Few Bedouins study Talmud, one may assume, but Pirke Avot – the Ethics of the Fathers – nicely describes the ballooning controversy surrounding a recent concert in Rahat, Israel’s second-largest Arab city: “Every dispute that is for the sake of Heaven will in the end endure.” That’s how I feel this morning as I juggle queries from journalists and angry letters from social activists. The truth is, everyone involved did something right, for a change.
It’s been nonstop drama since we asked a popular music ensemble to perform the music of Um Kulthum, a legendary Egyptian singer, in Rahat’s new culture hall. To be sure, promoting shared culture for Jews and Arabs is the mission of the Thaqafat Center (“cultures,” in Arabic), a project of the Hagar Association. But we never expected to shake things up like this. Our basic idea was quite simple: bring Jews to a Bedouin town for culture and the arts; and offer the City of Rahat quality content to jump-start its new, state-of-the-art performance hall. Not so complicated, right? Wrong. As the date approached, ticket sales lagged. The auditorium holds 500, I thought to myself. I just hope the audience is larger than the band. What were we doing wrong? This was supposed to be the first concert of its kind in Bedouin society, comprising the poorest and most underserved communities in Israel. We cannot fail them. We cannot fail ourselves. And then, with our marketing efforts in high gear, the Islamic Movement issued a statement condemning the event and demanding its cancellation. Women singing to a mixed audience, they said, constitutes an affront to Moslem tradition. I started looking for a rock to hide under.
The next morning, just hours before curtain time, the Mayor of Rahat responded. Fayez Abu Sahiban, himself a member of the Islamic Movement, took to the pages of the Arabic press in support of the event. Rahat, he said, is a pluralistic city, and people have the right to enjoy fine culture. It was a bold statement. And it ignited ticket sales. When the Siraj music ensemble final took to the stage, there were 400 people in the audience, Arabs and Jews, enthusiastically singing and clapping along to popular hits like Ente Omri. I felt like we had broken a glass ceiling. More precisely, the people of Rahat had done it for themselves.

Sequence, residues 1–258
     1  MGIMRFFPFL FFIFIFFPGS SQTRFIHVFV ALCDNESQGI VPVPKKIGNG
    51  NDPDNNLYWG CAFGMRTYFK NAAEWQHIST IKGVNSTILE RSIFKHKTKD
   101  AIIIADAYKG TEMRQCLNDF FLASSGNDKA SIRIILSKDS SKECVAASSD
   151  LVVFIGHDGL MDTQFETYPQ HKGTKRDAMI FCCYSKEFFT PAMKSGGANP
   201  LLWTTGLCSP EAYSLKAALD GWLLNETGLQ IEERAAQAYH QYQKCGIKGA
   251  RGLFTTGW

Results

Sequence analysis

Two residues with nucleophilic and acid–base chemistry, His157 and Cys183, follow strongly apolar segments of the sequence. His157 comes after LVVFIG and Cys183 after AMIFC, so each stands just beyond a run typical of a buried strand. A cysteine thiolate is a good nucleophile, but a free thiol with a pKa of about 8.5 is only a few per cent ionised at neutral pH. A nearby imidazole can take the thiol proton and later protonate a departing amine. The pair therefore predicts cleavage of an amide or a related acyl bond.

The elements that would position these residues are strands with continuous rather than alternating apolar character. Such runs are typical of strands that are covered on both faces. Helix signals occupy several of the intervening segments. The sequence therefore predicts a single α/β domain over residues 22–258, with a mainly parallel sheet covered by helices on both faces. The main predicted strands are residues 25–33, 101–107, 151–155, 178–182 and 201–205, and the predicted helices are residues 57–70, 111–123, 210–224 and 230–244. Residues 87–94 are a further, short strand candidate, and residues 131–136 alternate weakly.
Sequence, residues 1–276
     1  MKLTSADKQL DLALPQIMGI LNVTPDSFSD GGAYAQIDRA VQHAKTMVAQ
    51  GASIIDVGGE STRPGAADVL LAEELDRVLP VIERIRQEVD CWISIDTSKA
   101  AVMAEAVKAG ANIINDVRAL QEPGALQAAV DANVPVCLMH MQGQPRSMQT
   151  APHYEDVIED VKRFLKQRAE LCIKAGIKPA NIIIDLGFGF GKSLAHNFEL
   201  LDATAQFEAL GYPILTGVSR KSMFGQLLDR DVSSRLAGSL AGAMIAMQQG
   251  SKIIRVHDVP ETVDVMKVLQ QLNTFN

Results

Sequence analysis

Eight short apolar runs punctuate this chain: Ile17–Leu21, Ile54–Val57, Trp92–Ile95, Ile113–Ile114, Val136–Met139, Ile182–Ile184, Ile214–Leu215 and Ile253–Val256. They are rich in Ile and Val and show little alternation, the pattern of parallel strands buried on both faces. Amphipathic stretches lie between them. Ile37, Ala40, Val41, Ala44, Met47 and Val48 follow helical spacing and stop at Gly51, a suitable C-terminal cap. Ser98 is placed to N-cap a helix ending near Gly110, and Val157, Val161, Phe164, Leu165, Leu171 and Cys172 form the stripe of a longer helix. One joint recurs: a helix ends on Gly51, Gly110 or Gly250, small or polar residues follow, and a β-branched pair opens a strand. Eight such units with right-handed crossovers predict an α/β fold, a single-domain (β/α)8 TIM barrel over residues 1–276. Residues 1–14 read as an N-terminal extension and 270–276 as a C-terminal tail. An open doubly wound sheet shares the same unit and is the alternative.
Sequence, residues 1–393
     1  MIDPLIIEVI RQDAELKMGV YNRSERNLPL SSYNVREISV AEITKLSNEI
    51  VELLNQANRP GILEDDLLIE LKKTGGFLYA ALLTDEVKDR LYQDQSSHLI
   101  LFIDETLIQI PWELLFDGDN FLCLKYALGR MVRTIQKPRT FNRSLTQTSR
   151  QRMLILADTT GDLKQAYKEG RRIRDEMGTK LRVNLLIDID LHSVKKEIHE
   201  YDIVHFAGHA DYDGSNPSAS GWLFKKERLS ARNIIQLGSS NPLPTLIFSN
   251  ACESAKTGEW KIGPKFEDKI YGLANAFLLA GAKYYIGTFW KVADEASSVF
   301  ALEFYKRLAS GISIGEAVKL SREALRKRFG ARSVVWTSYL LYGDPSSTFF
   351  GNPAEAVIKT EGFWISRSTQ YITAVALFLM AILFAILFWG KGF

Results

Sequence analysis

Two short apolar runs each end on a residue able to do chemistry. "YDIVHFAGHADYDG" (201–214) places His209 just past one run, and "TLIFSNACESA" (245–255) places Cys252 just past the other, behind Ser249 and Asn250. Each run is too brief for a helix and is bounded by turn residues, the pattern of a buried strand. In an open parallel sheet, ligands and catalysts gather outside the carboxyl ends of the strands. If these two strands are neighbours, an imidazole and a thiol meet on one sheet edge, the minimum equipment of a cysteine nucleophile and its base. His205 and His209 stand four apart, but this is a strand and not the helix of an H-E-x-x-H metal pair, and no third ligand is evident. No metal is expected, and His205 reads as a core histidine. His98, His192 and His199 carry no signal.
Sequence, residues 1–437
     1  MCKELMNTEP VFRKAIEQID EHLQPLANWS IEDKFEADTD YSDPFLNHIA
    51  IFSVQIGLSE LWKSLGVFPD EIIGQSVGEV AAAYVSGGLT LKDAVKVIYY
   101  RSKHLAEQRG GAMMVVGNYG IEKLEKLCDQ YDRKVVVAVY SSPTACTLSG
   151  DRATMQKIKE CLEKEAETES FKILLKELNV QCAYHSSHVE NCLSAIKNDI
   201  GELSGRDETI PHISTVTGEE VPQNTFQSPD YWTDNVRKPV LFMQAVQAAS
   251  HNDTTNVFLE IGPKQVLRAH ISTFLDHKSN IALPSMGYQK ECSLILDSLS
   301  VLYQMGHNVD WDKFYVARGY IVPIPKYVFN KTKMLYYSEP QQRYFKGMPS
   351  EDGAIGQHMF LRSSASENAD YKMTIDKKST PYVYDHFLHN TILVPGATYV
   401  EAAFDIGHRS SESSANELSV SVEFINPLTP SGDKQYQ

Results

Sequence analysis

But it didn’t end there. Local organizers had made a half-hearted attempt at separate seating for men and women – presumably wary of the previous day’s warning by the Islamic Movement. Improvised signs referred men to one part of the hall, women and couples to another. As if to say, “please sit separately, maybe, if you wish, unless you really want to sit together.” Photos of the event showed most people sat where they felt most comfortable.
Not everyone, however, was comfortable. A group of outraged Bedouin feminist leaders fired off a letter this morning to me and the City of Rahat pointing out that gender separation is against the law. Journalists picked up the story. Local officials debated how to respond. And as I spent the next few hours on the phone with organizers and municipal officials, all I could think of was Pirke Avot. This, after all, is genuine social debate, social criticism, social change. It’s been a crazy ride so far. What happens next? I won’t venture to guess. Let’s just keep the discussion going.